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Salesperson ambidexterity in customer engagement: do customer base characteristics matter?

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  • Son K. Lam

    (University of Georgia)

  • Thomas E. DeCarlo

    (University of Alabama – Birmingham)

  • Ashish Sharma

    (University of North Carolina – Charlotte)

Abstract

Drawing from the interactional psychology of personality and multitasking paradigm, we examine the contingencies of salesperson orientation ambidexterity in the “exploration” of new customers (i.e., hunting) and the “exploitation” of existing customers (i.e., farming) to achieve sales growth and make time allocation decisions. The results from a field study and an experiment indicate that the impact of salesperson orientation ambidexterity is contingent on a salesperson’s customer base characteristics. First, a salesperson’s orientation ambidexterity in both hunting and farming leads to significantly higher (lower) sales growth when his or her existing customer base is large (small). Second, high levels of customer base newness in a salesperson’s customer portfolio weaken the relationship between hunting time allocation at time t – 1 and hunting time allocation at time t, suggesting that salespeople are not subject to a success trap in hunting. However, salespeople are subject to a success trap in farming. These findings shed new light on how a salesperson’s customer portfolio influences salesperson behaviors and performance, with implications for how to better manage ambidextrous behaviors in customer engagement.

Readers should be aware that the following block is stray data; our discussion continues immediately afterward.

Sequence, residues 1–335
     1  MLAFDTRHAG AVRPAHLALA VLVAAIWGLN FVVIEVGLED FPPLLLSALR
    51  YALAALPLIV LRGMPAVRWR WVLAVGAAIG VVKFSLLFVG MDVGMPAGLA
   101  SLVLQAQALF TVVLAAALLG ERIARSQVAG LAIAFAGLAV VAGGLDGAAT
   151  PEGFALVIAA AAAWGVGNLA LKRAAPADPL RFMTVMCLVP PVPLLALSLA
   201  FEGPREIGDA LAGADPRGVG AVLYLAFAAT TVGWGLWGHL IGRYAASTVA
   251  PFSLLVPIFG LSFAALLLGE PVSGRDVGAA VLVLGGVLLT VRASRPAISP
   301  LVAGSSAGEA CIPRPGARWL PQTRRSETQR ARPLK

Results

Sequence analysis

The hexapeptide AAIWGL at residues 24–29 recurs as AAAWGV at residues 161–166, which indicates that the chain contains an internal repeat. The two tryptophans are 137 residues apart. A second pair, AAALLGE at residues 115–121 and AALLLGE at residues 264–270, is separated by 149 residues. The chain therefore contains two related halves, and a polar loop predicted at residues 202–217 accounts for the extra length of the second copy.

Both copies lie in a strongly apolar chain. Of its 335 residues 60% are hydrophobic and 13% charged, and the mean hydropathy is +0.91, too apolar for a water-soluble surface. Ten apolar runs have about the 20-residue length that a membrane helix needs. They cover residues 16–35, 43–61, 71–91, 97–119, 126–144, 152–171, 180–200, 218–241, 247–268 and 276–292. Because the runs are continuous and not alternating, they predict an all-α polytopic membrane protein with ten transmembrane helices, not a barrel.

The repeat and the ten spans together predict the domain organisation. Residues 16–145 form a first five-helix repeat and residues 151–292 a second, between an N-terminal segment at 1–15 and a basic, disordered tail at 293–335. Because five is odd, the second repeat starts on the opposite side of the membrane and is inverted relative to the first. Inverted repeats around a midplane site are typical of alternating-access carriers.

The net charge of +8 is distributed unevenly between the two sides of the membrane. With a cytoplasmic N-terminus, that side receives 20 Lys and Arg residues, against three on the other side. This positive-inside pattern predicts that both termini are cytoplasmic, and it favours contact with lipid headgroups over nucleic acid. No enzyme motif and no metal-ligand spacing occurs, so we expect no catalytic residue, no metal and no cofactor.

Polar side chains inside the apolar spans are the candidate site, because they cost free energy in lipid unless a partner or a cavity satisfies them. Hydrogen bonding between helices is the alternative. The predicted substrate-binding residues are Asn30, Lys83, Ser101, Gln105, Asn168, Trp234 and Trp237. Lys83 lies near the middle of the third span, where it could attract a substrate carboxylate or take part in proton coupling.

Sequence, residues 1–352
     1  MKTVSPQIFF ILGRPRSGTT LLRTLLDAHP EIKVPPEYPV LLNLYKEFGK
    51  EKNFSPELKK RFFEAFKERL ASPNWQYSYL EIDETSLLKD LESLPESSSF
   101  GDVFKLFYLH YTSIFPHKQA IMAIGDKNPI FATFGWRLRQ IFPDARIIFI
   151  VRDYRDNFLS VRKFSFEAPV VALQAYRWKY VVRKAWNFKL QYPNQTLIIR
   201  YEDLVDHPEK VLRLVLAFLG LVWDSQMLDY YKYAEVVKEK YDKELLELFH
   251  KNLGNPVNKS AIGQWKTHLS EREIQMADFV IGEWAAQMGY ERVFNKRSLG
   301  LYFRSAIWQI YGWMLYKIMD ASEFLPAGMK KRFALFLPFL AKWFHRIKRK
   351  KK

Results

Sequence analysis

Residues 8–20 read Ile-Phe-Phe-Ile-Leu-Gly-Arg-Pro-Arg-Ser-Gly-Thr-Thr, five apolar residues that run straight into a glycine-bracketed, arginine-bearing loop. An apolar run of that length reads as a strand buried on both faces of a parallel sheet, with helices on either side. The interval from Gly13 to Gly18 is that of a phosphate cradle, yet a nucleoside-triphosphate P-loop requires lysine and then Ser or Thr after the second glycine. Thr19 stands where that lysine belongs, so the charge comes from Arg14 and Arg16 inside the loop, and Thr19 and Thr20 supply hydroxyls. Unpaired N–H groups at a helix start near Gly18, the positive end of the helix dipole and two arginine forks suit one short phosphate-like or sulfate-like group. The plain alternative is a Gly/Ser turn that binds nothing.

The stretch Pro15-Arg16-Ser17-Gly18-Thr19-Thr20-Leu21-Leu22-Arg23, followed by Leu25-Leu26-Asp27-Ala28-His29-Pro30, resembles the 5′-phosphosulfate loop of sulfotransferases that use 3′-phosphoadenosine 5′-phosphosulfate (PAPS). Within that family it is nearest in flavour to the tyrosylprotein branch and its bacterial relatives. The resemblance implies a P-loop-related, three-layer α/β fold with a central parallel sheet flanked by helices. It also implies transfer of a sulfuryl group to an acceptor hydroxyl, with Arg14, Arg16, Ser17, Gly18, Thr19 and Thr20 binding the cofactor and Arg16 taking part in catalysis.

Suggested Citation

  • Son K. Lam & Thomas E. DeCarlo & Ashish Sharma, 2019. "Salesperson ambidexterity in customer engagement: do customer base characteristics matter?," Journal of the Academy of Marketing Science, Springer, vol. 47(4), pages 659-680, July.
  • Handle: RePEc:spr:joamsc:v:47:y:2019:i:4:d:10.1007_s11747-019-00650-0
    DOI: 10.1007/s11747-019-00650-0
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    References listed on IDEAS

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